Levels of vitamin D can be lower due to inflammation, which could possibly be the reason we see lower levels in women with PCOS. Several small studies have suggested that vitamin D supplementation may help regulate the menstrual cycle in PCOS patients. More study is needed in this area, though.

 

Women with a vitamin D deficiency may also be at increased risk of gestational diabetes, preeclampsia, and premature birth.

 

There’s some evidence that males who supplement with vitamin D can have improved sperm motility. Higher vitamin D levels were associated with a higher chance of one’s partner conceiving.

Coenzyme Q10

Coenzyme Q10 is a nutrient that naturally occurs in the body. It’s a powerful antioxidant that has been shown to improve ovulation rates in women using Clomid. CoQ10 can also help to support improved egg quality during IVF cycles..

 

Men taking CoQ10 also showed a possible improvement of sperm concentration and movement.

 

While we definitely need more human studies on the benefits of CoQ10, it’s considered a safe supplement to take during conception and pregnancy, so most practitioners feel that it is safe and that the possible benefits outweigh the risks.

Myo-Inositol

Myo-inositol is a sugar found in the brain, and it’s part of the group of B-complex vitamins. When studied in women with PCOS, it was shown to decrease insulin resistance and lower levels of serum testosterone. It also improved menstrual irregularities and increased ovulatory frequency! 

 

Pregnancy rates were increased in PCOS patients after they had taken myo-inositol for three to six months. And myo-inositol has also been shown to possibly improve egg quality during IVF. Gestational diabetes levels were also lowered in women who continued supplementing during pregnancy.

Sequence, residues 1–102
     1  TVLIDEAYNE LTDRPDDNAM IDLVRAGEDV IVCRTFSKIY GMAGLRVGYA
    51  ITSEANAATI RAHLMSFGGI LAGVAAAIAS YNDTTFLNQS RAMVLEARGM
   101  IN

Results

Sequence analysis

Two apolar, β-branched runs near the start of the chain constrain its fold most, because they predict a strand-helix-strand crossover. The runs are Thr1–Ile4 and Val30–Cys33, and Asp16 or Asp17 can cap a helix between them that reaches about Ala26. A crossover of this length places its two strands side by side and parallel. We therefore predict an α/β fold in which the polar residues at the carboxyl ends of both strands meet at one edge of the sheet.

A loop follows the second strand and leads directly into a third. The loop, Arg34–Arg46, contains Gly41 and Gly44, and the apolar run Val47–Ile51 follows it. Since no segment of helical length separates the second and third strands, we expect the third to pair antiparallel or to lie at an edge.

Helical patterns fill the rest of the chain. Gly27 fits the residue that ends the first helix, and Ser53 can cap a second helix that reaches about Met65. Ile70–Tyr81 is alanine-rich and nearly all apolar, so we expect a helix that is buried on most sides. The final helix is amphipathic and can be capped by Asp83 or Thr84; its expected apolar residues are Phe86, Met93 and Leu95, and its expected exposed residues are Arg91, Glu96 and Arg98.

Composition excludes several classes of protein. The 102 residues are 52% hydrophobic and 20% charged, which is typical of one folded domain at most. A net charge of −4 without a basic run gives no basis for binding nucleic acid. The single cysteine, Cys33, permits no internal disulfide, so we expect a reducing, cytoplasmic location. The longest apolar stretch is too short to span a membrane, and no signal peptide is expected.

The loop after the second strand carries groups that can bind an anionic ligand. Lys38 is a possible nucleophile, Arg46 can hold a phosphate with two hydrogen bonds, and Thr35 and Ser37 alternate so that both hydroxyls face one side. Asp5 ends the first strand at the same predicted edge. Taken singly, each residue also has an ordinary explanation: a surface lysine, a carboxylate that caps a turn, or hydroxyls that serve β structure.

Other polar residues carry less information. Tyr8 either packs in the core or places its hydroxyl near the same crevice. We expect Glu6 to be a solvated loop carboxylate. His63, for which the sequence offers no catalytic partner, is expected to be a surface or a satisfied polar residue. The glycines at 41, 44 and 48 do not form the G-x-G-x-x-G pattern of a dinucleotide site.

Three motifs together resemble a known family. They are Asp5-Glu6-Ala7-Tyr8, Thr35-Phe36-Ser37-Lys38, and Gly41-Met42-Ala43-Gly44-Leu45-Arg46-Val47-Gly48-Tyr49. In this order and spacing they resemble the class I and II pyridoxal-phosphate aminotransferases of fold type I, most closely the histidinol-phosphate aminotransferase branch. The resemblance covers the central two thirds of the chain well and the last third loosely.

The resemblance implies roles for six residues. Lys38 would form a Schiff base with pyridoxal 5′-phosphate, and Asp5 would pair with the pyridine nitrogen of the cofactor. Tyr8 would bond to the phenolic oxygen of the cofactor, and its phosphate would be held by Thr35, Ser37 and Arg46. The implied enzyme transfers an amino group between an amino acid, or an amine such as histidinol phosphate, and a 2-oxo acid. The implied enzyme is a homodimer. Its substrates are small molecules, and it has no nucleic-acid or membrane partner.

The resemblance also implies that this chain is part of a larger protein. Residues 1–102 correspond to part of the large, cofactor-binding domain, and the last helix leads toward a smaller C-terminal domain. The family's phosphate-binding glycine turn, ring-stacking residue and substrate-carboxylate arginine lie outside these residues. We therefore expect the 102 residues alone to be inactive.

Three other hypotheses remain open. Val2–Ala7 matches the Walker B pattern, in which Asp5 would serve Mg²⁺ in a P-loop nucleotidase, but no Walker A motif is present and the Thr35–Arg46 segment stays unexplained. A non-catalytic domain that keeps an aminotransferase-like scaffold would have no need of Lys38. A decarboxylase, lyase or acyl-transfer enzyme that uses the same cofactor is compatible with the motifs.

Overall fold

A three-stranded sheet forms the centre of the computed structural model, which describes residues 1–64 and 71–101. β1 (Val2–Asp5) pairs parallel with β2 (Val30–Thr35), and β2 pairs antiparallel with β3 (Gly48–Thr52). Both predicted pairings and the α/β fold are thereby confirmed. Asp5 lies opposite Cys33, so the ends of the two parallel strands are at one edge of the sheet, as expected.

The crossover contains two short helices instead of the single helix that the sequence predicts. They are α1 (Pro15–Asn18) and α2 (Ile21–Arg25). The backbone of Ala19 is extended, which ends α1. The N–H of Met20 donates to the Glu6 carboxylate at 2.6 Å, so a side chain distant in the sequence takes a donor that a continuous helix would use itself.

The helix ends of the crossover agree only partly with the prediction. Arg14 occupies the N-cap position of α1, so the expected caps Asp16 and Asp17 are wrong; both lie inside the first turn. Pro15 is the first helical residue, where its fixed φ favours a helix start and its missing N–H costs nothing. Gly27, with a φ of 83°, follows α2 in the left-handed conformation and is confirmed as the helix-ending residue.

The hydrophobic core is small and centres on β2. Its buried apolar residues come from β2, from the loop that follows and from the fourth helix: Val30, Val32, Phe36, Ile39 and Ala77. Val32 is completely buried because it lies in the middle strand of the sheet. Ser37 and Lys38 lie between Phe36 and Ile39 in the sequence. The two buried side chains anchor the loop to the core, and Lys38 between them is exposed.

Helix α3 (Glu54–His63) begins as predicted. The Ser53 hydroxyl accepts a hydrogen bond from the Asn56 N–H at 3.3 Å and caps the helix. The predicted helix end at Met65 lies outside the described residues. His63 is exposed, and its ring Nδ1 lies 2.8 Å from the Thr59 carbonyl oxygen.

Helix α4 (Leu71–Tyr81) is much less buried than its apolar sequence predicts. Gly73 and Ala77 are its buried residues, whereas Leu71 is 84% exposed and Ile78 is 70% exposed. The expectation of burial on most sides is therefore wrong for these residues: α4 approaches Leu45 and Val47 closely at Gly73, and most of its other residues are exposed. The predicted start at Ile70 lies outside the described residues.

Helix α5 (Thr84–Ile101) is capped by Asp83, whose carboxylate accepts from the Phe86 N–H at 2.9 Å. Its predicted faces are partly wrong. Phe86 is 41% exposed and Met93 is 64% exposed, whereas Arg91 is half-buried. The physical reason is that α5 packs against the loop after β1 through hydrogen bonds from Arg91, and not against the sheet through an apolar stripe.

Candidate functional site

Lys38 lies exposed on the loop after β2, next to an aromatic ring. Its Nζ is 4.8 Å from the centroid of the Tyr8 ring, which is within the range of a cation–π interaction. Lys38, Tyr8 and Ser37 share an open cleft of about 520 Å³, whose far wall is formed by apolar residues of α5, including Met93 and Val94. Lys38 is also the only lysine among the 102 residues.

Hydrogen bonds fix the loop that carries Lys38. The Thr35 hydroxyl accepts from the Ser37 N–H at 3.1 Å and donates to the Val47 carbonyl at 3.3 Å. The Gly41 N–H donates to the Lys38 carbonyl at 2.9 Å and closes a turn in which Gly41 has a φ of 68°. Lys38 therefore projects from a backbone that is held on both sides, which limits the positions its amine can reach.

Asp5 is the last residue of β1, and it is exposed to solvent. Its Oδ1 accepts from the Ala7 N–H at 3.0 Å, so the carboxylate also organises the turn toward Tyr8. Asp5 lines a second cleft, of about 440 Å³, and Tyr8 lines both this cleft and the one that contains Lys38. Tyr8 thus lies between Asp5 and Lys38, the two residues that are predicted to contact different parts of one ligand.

Myo-inositol can be a great supplement to consider if you’ve been diagnosed with PCOS!

N-Acetylcysteine

N-acetylcysteine is a great antioxidant to add to your supplement routine to protect your cells from the stress caused by oxidation. Oxidation can reduce the body’s ability to produce a healthy egg, and antioxidants can help fight this oxidative process. This is especially helpful to your egg cells!

 

N-acetylcysteine can also benefit sperm quality. One study showed that men who took selenium supplements along with N-acetylcysteine demonstrated increased semen quality. 

 

N-acetylcysteine might also benefit women with PCOS by reducing their testosterone and insulin levels. It’s possible that N-acetylcysteine and myo-inositol could be an option for women who can’t tolerate the side effects of Metformin.

Don’t forget to discuss this with your care provider!

When we talk about supplementation, it’s important to remember that each case is different. Your unique history and medical issues may make any of these supplements inadvisable in your case. Be sure to discuss the advisability of adding these supplements to your routine with your fertility doctor.

 

Dr. Salem is extremely knowledgeable about the benefits and drawbacks of various vitamins and mineral supplements during fertility treatments, conception, and pregnancy. Request a consultation with her to discuss which of these supplements could benefit you!

0 replies

Leave a Reply

Want to join the discussion?
Feel free to contribute!

Leave a Reply

Your email address will not be published. Required fields are marked *